Life is hotting up in the barley and wheat fields so I am going to write a short letter just to keep you up to date. The barley fields were the first to grace the circles; it is a 100 day crop from the time it is sown to the time it is harvested as a general rule. Wheat overlaps the barley around the beginning of July and continues until harvest time which is dependent on the weather between now and reaping.
Since last writing I have an interesting observation from mathematician Nick Kollerstrom in relation to the beautiful circle at Potterne Hill, Nr Devizes, Wiltshire on the 7th June 2023. It was in barley and measured 245 feet (45m) in diameter.
7th June 2023 ~ near Devizes
A 36-fold division of a perfect circle with no centre has appeared, i.e. it is divided at equal ten-degree intervals. That involves dividing a circle by nine to start with, and I doubt if any of us could manage that – even with access to the centre!
I suggest that this is what we’ve all been looking for all these years – firm, concrete proof that a formation is not man-made. In the past such arguments have depended upon a formation being huge, very complex etc., which was fair enough. However this is different. This time it’s a logical impossibility. If any croppie group had some money they could safely offer a substantial reward – to be paid to anyone who could duplicate this formation, either on a sheet of paper or in a field at night! Just make an exact circle and divide it into 36 without touching the centre – simple, isn’t it …?
We see petals around the outside, each made from two arcs, one per ten degrees, in other words there are 72 arcs forming the petals around the perimeter. Now 72 is quite a cosmic number, the number of precession: the stars move one degree every 72 years. So maybe this.`
This being once in a lifetime event, the others mathematically pale into less significance but were of interest nevertheless.
Next in line came on the 11th and 18th June were:
Top: Roundway Down, near Devizes, Wiltshire. 11th June
Bottom: Eastleigh Court, near Bishopstrow, Wiltshire. 18th June
© Stonehenge Dronescapes Photography
I would like to tell you about a new crop circle book that has taken twenty four years to complete.
The Great Turning , Crop Circles and their Message to Humanity, is the work of Michael Green 1931-2018 ( RIBA, FSA) He was an archaeologist, architectural historian, former Inspector of Ancient Monuments with English Heritage. Also oversaw the Summer Solstice events at Stonehenge. He excavated the Roman site of Godmanchester and Whitehall Palace London. He listed parts of London as well as contributing to the saving of Covent Garden.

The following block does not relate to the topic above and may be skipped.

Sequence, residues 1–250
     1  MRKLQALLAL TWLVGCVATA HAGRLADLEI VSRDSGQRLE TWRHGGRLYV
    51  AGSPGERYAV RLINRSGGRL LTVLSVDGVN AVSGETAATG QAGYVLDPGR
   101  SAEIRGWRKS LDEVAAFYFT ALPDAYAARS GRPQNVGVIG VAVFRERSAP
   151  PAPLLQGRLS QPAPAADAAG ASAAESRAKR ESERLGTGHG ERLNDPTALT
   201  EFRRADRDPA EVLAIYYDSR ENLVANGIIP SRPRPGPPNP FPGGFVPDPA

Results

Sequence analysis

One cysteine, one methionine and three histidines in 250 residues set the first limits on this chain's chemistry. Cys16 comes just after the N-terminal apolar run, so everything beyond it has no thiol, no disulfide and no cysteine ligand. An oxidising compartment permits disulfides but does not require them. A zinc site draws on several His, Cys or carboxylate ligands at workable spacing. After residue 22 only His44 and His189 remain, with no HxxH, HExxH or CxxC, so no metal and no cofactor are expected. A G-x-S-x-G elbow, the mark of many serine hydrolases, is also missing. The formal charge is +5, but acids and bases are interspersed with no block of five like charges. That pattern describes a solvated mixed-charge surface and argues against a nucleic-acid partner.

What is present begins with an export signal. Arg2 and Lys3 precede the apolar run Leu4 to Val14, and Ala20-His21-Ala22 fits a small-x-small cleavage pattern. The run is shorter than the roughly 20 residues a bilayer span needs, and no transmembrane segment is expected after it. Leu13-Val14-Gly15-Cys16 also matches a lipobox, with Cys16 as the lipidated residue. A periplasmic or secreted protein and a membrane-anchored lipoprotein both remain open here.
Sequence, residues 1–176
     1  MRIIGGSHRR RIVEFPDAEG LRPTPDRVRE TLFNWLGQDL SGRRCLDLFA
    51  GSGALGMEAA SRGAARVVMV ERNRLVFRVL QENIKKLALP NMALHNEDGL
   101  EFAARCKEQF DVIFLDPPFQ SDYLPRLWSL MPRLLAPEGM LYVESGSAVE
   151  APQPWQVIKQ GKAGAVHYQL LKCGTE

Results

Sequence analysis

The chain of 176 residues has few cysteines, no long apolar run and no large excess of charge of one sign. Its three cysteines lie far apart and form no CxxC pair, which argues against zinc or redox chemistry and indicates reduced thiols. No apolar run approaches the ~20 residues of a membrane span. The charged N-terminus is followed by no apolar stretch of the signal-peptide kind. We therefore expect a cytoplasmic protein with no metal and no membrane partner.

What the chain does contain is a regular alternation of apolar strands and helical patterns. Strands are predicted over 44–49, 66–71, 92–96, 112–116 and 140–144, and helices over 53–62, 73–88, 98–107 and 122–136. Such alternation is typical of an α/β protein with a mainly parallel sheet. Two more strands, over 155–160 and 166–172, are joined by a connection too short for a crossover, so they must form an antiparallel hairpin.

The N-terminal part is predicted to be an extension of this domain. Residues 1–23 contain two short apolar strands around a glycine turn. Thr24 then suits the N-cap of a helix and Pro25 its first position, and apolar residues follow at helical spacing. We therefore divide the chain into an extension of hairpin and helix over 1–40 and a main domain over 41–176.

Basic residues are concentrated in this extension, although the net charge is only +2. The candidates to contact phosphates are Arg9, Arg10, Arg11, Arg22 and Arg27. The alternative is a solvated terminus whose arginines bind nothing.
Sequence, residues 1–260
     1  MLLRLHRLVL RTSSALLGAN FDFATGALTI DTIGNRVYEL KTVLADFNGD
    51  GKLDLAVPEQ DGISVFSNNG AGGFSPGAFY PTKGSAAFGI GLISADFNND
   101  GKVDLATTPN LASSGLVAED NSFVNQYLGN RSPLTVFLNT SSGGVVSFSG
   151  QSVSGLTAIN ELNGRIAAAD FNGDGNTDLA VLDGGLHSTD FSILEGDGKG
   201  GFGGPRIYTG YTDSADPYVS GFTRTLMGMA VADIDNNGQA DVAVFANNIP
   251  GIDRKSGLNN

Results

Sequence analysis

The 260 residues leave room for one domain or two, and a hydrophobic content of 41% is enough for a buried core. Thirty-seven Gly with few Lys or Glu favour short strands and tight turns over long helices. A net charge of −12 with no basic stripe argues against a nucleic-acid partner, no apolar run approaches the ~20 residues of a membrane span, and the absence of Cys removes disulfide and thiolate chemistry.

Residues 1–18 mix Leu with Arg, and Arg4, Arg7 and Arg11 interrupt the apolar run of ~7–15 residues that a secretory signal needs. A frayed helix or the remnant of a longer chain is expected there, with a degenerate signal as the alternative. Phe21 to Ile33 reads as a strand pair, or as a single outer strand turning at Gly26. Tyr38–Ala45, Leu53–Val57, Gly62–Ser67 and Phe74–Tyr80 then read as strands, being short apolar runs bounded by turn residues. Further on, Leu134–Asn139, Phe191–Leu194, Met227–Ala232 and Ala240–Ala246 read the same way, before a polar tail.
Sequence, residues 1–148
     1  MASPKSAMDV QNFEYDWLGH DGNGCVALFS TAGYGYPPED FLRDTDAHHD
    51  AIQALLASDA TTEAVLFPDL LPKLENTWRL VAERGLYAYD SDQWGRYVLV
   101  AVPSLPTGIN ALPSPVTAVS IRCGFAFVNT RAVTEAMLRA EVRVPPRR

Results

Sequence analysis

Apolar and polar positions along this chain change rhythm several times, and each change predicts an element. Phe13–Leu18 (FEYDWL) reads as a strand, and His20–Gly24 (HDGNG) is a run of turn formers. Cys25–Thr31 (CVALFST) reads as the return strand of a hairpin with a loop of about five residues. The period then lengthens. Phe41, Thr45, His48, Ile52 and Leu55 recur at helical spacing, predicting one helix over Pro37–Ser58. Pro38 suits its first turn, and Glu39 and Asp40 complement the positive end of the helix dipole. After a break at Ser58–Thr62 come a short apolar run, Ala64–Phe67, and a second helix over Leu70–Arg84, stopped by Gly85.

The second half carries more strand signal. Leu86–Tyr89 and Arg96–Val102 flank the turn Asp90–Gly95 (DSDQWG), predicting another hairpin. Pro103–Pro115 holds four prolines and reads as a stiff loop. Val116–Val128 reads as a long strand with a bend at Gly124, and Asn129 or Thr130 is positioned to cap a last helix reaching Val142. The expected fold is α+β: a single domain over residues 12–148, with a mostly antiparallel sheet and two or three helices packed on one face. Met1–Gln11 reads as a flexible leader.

Yet in this was his professional life, but he was psychic and a dowser, with a deep intuitive knowledge of the Ancient Timeless Wisdom.
I have known Michael since before the Centre for Crop Circle Studies (CCCS) was set up by Michael Green and Ralph Noyes in Cambridgeshire, at Easter 1990. I was honoured to be one of the Founder members. It was a time of wild speculation and bogus stories relating to the crop circles, and an academic body of various minds and specialties was needed. It was a fascinating, mixed and wonderful assembly and scientific research and investigation was started in earnest.
Over the years scientists from all over the world worked with the Society conducting interesting and exciting results.
The Great Turning is a long awaited book, illustrated throughout. It is a learned masterpiece and will go among the great if not the greatest body of work on the subject. Without a doubt it is the most superb reference book ever produced. With Green’s background he explored all the diverse connections, some obvious and some more obscure connections that link the crop circles with such subjects as theosophy, geometry, archaeology, anthropology, music and number. I am sure it will stand the test of time and people will recognise its importance to this elusive subject.
Distributor: Central Books RM8 1RX and available on Amazon
With my love and best wishes,
Circle Tours (https://cropcirclephotographs.co.uk/crop-circle-tours-2023/)
There have been a few unavoidable crop circle cancellations on the 27 July and 2nd August crop circle tours, so if anyone would like to jump in, please get in touch (https://cropcirclephotographs.co.uk/contact-lucy-pringle/) .
Sadly helicopter flights are exorbitantly expensive and in order to keep in the air and continue with my important research I ask if you could give as generously as possible. Donations can be made here I would be so grateful for your help.
Many have suggested using drones or radio controlled aircraft to reduce the expenses and challenges of flying for crop circle photography. After thorough investigation and consultation with an expert, I discovered the following.
Suggestions included purchasing a DJI Phantom with a GoPro Hero 3 camera (£1000 - £1500) and joining an RC club for flying tuition. A basic understanding of electronics is necessary for maintenance, which involves visual inspections, part removal, fatigue checks, and safety assessments. A drone's batteries also require specialised care and maintenance.
Contrary to popular belief, flying drones is not easy, as handling difficulties and equipment failures can occur. Commercial licensing and the risk of accidents with planes also pose concerns.
A two-person team is recommended, with one acting as the pilot and the other as a spotter for safety. Additionally, access to inaccessible areas and equipment transportation would be challenging, perhaps requiring a 4x4 vehicle. Despite considering all the information and associated problems, I must accept that this method is beyond my technical expertise and logistical capabilities.